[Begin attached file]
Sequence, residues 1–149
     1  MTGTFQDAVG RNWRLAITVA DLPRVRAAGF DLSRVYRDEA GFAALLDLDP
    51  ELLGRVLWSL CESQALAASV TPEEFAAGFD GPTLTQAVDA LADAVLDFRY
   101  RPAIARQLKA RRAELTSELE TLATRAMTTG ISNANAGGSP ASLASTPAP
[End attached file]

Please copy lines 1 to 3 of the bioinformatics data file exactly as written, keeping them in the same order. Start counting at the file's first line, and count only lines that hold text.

Sequence, residues 1–149
     1  MTGTFQDAVG RNWRLAITVA DLPRVRAAGF DLSRVYRDEA GFAALLDLDP
    51  ELLGRVLWSL CESQALAASV TPEEFAAGFD GPTLTQAVDA LADAVLDFRY